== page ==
Quote of the Week: Alex Smith, Chiefs Prepare for Vikings sans Jamaal Charles
As Jamaal Charles thrashed and clutched at his right knee late into the Chiefs’ loss to the Chicago Bears yesterday, I was immediately reminded of Adrian Peterson’s devastating knee injury in 2011. Two All-Pro running backs, two torn ACLs, and two long roads to recovery. Peterson defied the odds, making an improbable comeback to win the rushing title and MVP award behind a 2,000-yard season in 2012. Charles, meanwhile, will try to return from his second torn ligament in four years — a rare feat in the increasingly-violent, physical world of the NFL.
When the Vikings and Chiefs meet this Sunday, Peterson will be on the field, while Charles will be forced to watch from the sidelines, making this game much more about the quarterbacks and defenses than a meeting of the league’s best running backs. Head coach Mike Zimmer spoke to the media this morning, and when asked about the Chiefs, praised Kansas City’s talent at a number of different roster positions:
[quote_box_center]”Offensively they’re – wide open would be a good way to describe them. Quarterback scrambles, he can be very, very accurate. They’ve got a tight end that’s very dangerous, wide receiver that’s excellent. Obviously I don’t know about [Jamaal] Charles – I know he’s good.”[/quote_box_center]
How important has Charles been to the Kansas City Chiefs’ offense this season? Before leaving yesterday’s game in the third quarter, he had been targeted 30 times by quarterback Alex Smith, putting him just behind Travis Kelce and Jeremy Maclin for the team lead. As a runner, Charles had rushed the ball 71 times for 364 yards, averaging 5.1 yards per carry and 72.8 yards per game.
With Charles on the field yesterday, the Chiefs outscored the Bears 17-3. Without him? Chicago rallied back to win 18-17, scoring two touchdowns in just over three minutes at the end of the game. In his place, second-string running back Charcandrick West carried the ball seven times for 31 yards, making little impact against the Bears’ suddenly-stout front seven.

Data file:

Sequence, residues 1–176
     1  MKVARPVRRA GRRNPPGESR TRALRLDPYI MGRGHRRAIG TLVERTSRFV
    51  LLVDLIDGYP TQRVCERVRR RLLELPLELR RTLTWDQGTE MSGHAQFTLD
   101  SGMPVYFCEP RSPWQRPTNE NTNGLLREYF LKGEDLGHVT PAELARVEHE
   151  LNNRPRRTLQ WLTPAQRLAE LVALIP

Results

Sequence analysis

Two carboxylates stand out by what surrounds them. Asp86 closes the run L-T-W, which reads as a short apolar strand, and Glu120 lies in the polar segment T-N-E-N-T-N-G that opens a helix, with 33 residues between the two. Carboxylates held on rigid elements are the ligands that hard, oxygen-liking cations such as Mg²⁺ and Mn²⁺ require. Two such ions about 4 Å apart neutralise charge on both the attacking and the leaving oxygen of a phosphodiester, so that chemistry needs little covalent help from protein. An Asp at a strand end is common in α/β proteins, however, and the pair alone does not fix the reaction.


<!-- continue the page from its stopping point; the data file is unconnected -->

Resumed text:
Based on Zimmer’s comments, the Vikings are going to focus their defensive efforts on limiting Alex Smith’s scrambling ability and negating any big plays from Jeremy Maclin and Travis Kelce.
Without Charles, the offense runs through Smith, which could spell trouble for the 1-4 Kansas City Chiefs this week. Smith’s earned the label of a game-manager in recent years — as evidenced by his 7.0 yards per attempt in 2014 — but his legs have always been one of his better attributes as a quarterback. Last season, he rushed 49 times for 254 yards, scoring one touchdown in Andy Reid’s varied, option-based attack.
Passing the ball, though, Smith has been average at best. Too often, he checks down to running backs and tight ends underneath, missing open receivers down the field. In 2014, for example, he attempted just 5.2 percent of his passes passes over 20 yards, and the addition of Jeremy Maclin has been negligible at best — Maclin has just one touchdown through five games. Kelce, on the other hand, has been quiet since scoring two touchdowns Week 1, averaging less than five catches per game.
For all of his negative play, Alex Smith has been surprisingly accurate with the football. For his career, Smith is a 60.5 percent passer, and since 2012, has completed more than 65 percent of his passes twice (2012 and 2014). When given time in the pocket, Smith has the ability to step up and deliver passes anywhere on the field, but that hasn’t been the case in 2015.
His offensive line has been terrible, allowing 21 sacks through five games — good for more than four sacks per game. For comparison’s sake, Teddy Bridgewater has been sacked 13 times through four games, with seven of those coming against the Denver Broncos in Week 4. It’s been an ugly sight in Minnesota, and an even more horrific situation for Alex Smith in the pocket (or non-pocket, given Kansas City’s struggles in pass protection).
Mike Zimmer’s team is slowly rounding into form, and after a week off, is chomping at the bit to set foot back on the field. Without Charles, the Chiefs will need Alex Smith to play his best game of the season against a ferocious Vikings defense, which is highly unlikely given their success against opposing quarterbacks at TCF Bank Stadium.